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Discussion Starter · #1 ·
Hello everyone,

I acquired a lovely 2008 Patriot 2.4L CVT automatic transmission with ~230,000km on it.

I recently encountered an issue with it where the engine repeatedly loses power/ bucks once I hit approximately 50km/h.

I usually accelerate slowly up to 50km/h and either it feels like the engine stops (the vehicle slows down even if i floor it) or it bucks (I floor it and it revs up, jerks forward, then slows back down in about 1 seconds time).

today I noticed the RPM was literally oscillating between ~1300 and 1500 as this was happening which looked very odd.

An interesting fact about this issue is that it only occurs once per trip. that is, I took it out for the first time today, it happened within 1 minute of driving, and then i drove to the store, parked it for 15 minutes, and it didn't happen again. But I know that it will happen again tomorrow.

What I've done recently:
  • Transmission fluid change
  • New spark plugs (had them done earlier today)
I had the mechanic run a diagnostic today and it returned the following codes:

P2008 : Intake Manifold Runner Control Circuit/ Open Band 1a
P2010 : Intake Manifold Runner Control Circuit High Bank 1a
P2017 : Intake Manifold Runner Position Sensor/Switch Circuit High Bank 1a
P0300 : Random/ Multiple Cylinder Misfire Detected
P0032 : H02S Heater Control Circuit High Bank 1 Sensor 1

Also, the check engine, ABS, ESP BAS, and electronic stability control lights are usually always on.

I also had an issue a month or two ago where the passenger headlight went out, and it was due to a faulty ground. to fix it I spliced a new wire from the headlight to a bolt in the engine bay, so I am wondering if it could be a bad ground causing more problems here.

My friend/mechanic who has worked on the car is pretty convinced that the error is not because of the intake manifold.

Any help/suggestions/leads would be greatly appreciated!

if I left any important info out then please let me know and I'll be as responsive as possible
 

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Welcome to the forum.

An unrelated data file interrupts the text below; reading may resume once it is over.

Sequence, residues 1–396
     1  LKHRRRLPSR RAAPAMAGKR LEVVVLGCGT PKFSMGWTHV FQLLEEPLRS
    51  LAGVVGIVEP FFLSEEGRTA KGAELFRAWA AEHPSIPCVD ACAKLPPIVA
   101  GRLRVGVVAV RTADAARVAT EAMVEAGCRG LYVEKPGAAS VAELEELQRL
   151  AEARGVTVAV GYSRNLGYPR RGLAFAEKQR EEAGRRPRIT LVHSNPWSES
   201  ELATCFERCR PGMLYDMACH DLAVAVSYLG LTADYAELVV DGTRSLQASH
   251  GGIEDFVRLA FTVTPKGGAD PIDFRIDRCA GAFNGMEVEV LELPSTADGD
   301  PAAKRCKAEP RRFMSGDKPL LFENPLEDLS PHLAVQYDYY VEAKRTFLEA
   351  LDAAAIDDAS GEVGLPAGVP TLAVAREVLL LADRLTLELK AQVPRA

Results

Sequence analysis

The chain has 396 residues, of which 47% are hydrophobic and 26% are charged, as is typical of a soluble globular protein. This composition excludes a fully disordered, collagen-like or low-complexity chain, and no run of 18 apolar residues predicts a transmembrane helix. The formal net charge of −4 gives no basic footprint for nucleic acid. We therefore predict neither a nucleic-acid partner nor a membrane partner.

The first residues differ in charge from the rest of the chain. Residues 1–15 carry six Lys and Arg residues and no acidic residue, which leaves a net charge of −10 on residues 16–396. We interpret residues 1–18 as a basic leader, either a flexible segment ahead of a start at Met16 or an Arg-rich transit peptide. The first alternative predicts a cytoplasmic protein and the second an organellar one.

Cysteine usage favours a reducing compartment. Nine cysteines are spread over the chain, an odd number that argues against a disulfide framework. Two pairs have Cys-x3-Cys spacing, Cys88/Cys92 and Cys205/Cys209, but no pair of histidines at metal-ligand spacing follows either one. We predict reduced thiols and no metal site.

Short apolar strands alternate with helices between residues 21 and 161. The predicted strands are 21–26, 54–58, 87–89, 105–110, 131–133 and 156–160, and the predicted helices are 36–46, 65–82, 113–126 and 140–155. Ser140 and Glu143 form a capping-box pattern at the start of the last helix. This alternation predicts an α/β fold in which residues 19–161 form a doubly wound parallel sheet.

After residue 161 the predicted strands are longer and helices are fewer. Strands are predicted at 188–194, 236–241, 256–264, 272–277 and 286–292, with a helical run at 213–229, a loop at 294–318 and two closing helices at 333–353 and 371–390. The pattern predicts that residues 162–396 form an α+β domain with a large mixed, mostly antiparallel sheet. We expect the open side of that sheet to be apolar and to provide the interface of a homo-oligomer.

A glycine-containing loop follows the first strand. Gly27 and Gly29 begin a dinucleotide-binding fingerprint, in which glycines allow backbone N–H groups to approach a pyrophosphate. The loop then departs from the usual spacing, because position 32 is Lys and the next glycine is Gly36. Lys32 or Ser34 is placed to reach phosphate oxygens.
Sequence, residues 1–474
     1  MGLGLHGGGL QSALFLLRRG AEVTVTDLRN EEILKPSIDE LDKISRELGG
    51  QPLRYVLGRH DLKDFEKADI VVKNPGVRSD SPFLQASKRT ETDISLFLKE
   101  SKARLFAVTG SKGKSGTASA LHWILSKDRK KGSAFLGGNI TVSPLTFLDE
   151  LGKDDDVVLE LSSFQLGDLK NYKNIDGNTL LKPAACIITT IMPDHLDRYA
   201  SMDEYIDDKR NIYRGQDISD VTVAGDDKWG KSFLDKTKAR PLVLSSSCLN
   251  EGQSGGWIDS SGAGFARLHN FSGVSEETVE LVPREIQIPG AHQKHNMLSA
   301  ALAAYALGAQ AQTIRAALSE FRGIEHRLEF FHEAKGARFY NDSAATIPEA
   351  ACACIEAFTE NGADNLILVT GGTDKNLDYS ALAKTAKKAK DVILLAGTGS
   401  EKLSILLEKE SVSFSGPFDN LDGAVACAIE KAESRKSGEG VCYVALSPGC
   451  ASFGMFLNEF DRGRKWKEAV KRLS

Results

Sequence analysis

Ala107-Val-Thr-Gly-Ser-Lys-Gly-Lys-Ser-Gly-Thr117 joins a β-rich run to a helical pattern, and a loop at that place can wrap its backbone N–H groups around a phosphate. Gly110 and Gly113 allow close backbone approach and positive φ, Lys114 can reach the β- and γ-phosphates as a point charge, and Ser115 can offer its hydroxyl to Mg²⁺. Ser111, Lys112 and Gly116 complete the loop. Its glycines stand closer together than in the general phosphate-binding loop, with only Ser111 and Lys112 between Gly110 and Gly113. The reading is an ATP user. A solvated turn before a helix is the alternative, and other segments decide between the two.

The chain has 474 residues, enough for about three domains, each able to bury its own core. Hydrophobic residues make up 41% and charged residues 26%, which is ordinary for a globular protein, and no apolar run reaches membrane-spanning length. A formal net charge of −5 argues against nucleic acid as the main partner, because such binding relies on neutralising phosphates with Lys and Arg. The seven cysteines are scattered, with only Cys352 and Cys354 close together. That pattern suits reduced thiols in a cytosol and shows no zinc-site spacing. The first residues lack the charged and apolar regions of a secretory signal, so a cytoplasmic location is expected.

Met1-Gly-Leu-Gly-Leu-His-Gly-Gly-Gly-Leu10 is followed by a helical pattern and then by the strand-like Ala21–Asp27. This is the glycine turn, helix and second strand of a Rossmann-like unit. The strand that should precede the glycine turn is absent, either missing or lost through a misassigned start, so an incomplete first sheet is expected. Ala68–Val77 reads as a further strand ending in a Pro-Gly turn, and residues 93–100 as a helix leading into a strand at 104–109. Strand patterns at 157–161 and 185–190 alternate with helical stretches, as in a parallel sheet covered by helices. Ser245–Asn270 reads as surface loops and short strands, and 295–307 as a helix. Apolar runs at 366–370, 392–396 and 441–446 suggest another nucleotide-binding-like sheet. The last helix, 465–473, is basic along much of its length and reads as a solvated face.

If you think it's ground related, you could try measuring the ground connections from the component connectors to the chassis with a meter.

But since you've already had ground problems, have an older model, and you're in Canada (road salt), I would just take the next step and properly redo the grounds with new ring lugs to eliminate it from the equation.

Pulling codes with a code reader is good, but if you can get a scan tool that can display / graph live data so you can see what's going on with the sensors when the problem happens, that might be more helpful.

A trip to the dealer (presuming the dealer is a good one) for a full system diagnostic, including a PCM test, might also be worthwhile.
 

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Discussion Starter · #3 ·
Welcome to the forum.

If you think it's ground related, you could try measuring the ground connections from the component connectors to the chassis with a meter.

But since you've already had ground problems, have an older model, and you're in Canada (road salt), I would just take the next step and properly redo the grounds with new ring lugs to eliminate it from the equation.

Pulling codes with a code reader is good, but if you can get a scan tool that can display / graph live data so you can see what's going on with the sensors when the problem happens, that might be more helpful.

A trip to the dealer (presuming the dealer is a good one) for a full system diagnostic, including a PCM test, might also be worthwhile.
Thanks for the reply, I will likely try and replace/look at the ground connection today and take it for a spin. My instinct is that it wouldn't be due to the ground because of the way the issue happens only once per trip and stops for a while.
 

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The reason I'm saying clean the grounds up first is not only have you had ground problems, but some of the error codes refer to circuits that involve those grounds.

p2008 in my 2008 service manual is INTAKE MANIFOLD RUNNER (SWIRL) CONTROL CIRCUIT/OPEN and the circuit includes G110 (passenger headlight ground).

  • When Monitored:
    With the engine running and battery voltage greater than 10.4 volts.
  • Set Condition:
    The PCM detects that the Manifold Flow Valve control circuit voltage is not within an acceptable range.

Possible Causes
INTERMITTENT DTC​
(K601) MFV CONTROL CIRCUIT SHORTED TO VOLTAGE
(K601) MFV CONTROL CIRCUIT SHORTED TO GROUND​
(K601) MFV CONTROL CIRCUIT OPEN OR HIGH RESISTANCE​
(Z916) GROUND CIRCUIT OPEN OR HIGH RESISTANCE
MANIFOLD FLOW VALVE​
POWERTRAIN CONTROL MODULE (PCM)​



2. (Z916) GROUND CIRCUIT OPEN OR HIGH RESISTANCE
Rectangle Slope Font Parallel Schematic


Turn the ignition off.
Disconnect the Manifold Flow Valve connector.
Using a 12 volt test light connected to 12 volts, check the (Z916) Ground circuit in the Manifold Flow Valve harness connector.
NOTE: The test light should be illuminated and bright. Compare the brightness to that of a direct connection to the battery.

Is the test light illuminated and bright?

Yes


  • Go to 3


No


If it isn't the grounds, then it might be the PCM failing but hopefully the dealer diagnostic could sort that out.
 
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